San Lorenzo was the Medici’s neighbourhood and is where their palazzo, church,
library and mausoleum can be found. No doubt with all the splendour they
favoured for so long.
The 15th century Basilica di San Lorenzo
(Picture 1) was reconstructed on the site of the 4th century original basilica. Brunellesch
was the brain behind the project. The building was created according to the Renaissance style to later become the worshipping and resting
place of most of the Medici family. (Piazza San Lorenzo; open 10am-5pm
Mon-Sat, 1.30-5pm Sun). The basilica’s façade designed by Michelangelo
in Carrara marble was never finished.
Inside there are pietra serena
columns topped off with Corinthian capitals which divide the nave and
aisles. The sculpted pulpits in bronze embellished with panels of the
crucifixion were made by Donatello
who passed away when he was still working on the project. His tomb is in the chapel where the Annunciation
by Fra’ Filippo Lippi hangs. The ancient sacristy was planned by Brunelleschi but mostly decorated by Donatello.
From the cloisters sitting to the left of the basilica, Michelangelo’s steps connect to the marvellous Biblioteca Laurenziana Medicea
(tel. 055 21 15 90; www.bml.firenze.sbn.it
Piazza San Lorenzo; open 9.30am-1pm, closed Sat). The idea of creating
the library was that it would become Clement VII’ s room to keep a collection
that Cosimo the Elder
had already started to establish.
The steps and vestibule by Michelangelo are attractive pieces created in pietra serena
. A shift from strict Renaissance style can be seen in the curved staircase which are closer to Mannerism in style.
All the glory of the Medici family is shown in their mausoleum
(tel. 055 238 86 02; Piazza Madonna degli Aldobrandini; open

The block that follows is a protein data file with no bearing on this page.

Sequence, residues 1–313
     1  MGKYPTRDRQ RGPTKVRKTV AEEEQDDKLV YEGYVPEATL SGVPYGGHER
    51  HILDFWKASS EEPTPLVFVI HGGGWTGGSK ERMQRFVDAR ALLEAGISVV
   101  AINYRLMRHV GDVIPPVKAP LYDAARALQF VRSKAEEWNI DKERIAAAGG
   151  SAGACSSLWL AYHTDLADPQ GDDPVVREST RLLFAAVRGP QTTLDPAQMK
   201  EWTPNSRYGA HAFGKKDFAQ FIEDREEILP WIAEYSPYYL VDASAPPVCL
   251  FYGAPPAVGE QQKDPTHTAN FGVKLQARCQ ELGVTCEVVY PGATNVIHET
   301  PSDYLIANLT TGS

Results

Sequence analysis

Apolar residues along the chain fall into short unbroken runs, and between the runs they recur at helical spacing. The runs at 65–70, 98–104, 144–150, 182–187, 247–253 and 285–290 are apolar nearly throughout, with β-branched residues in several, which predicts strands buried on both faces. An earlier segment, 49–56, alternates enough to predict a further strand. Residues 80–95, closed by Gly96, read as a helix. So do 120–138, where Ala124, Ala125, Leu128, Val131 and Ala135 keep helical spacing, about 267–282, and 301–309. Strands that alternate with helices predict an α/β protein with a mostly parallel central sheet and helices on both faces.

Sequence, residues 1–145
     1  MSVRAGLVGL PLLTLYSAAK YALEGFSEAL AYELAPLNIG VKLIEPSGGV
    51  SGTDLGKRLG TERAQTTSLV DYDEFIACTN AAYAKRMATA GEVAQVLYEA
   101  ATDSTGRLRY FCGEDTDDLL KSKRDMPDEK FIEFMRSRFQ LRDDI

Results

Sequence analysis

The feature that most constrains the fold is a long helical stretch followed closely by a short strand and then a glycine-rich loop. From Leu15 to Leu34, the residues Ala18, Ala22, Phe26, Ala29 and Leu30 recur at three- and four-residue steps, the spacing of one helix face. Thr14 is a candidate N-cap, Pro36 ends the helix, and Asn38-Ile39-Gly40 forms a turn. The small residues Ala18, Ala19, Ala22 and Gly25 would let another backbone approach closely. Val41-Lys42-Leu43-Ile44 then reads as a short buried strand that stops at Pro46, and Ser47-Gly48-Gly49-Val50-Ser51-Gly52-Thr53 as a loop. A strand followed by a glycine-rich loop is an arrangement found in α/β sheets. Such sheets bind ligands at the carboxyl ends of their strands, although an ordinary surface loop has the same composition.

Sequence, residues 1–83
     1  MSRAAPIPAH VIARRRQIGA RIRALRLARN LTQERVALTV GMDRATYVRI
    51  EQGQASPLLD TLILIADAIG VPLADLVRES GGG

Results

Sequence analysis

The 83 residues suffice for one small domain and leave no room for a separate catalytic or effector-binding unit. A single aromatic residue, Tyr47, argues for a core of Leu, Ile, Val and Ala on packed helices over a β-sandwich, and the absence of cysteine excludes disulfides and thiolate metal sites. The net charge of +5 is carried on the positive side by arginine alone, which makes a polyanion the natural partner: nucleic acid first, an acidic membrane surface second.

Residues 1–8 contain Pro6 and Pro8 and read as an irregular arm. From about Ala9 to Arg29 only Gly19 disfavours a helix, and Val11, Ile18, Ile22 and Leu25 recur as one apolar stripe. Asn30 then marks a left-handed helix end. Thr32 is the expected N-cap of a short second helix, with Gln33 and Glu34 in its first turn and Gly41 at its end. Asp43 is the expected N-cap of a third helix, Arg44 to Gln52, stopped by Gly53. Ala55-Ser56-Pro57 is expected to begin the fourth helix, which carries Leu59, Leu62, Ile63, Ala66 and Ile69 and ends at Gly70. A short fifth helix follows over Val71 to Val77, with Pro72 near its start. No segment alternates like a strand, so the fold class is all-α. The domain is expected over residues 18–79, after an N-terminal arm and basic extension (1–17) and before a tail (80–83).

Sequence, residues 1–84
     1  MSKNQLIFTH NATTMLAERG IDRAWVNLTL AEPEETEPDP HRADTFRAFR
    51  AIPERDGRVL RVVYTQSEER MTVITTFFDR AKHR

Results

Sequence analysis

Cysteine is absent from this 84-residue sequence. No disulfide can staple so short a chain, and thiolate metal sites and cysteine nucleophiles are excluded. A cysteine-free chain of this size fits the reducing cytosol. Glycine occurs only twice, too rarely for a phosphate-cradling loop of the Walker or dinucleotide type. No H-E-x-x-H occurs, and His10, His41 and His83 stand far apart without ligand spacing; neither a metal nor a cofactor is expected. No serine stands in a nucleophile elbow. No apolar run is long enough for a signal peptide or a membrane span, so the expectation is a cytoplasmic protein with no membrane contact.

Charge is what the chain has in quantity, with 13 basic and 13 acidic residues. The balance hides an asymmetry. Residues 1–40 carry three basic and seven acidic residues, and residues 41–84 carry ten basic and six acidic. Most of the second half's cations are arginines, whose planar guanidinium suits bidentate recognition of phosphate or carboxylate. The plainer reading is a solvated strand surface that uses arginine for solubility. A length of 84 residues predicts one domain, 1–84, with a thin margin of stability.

8.15am-4.50pm Tue-Sat ; 1st and 3rd Sun and 2nd and 4th Mon each month) It is a display of granite, the best quality marble, semiprecious
stones, and Michelangelo’s sculptures. 49 Medici members are buried
here. Francesco I, Ferdinando I, Ferdinando II and CosimoI, II and III
are in the Princes’ chapel
, while Lorenzo il Magnifico, Lorenzo, Duke of Urbino and his son Giuliano are in the New Sacristy
(Picture 3). The embellishment of this sacristy was the first architectural commission given to Michelangelo. His captivating sculptures Dawn and Dusk
, Night and Day
, Madonna and Child
embellish the different tombs.
The Palazzo Medici–Riccardi
was commissioned by Cosimo the Elder to Michelozzo. (tel. 055 276 03 40; www.palazzo-medici.it
Via Cavour 3; open 9am- 7pm, closed Wed). This residence, planned to
be the family home, became a model for other palaces built later on such as Palazzo Pitti and Palazzo Strozzi.
Elder did not commission a fortified palace for he believed the power
of the Medici was strong enough not to require it. Therefore, the building was simply built in a
strong square shape. The ground floor facade has a stern appearance but
the first and second floor belong to the classical style typical of the
transition to the Renaissance. In 1540 when the Riccardi moved into the
residence, the palace was luxuriously decorated and the Sala Luca Giordano
added. His Allegory of Divine Wisdom
baroque style is an explosion of colour and gold. At present
the Provincial Authority Offices are in charge of the palazzo which also plays host
to many temporary exhibitions in rooms available to public.
Undoubtedly the most mesmerizing attraction in the palazzo is its Chapel of the Magi
where you will find the best renaissance painting. The chapel ‘s frescoes have undergone restoration but date back to the 15th century, and were executed by
Benozzo Gozzoli and Fra’ Angelico. In their Procession of the Magi to Bethlehem
, one can spot Lorenzo il Magnifico and Cosimo the Elder among the crowds. Fra’Filippo Lippi’s 15th century Adoration of the Child
altarpiece is only a reproduction. Tickets have to be reserved at the palazzo´s
ticket desk since the maximum number of visitors allowed at any time is only 10 visitors for 5
minutes to contemplate such splendour.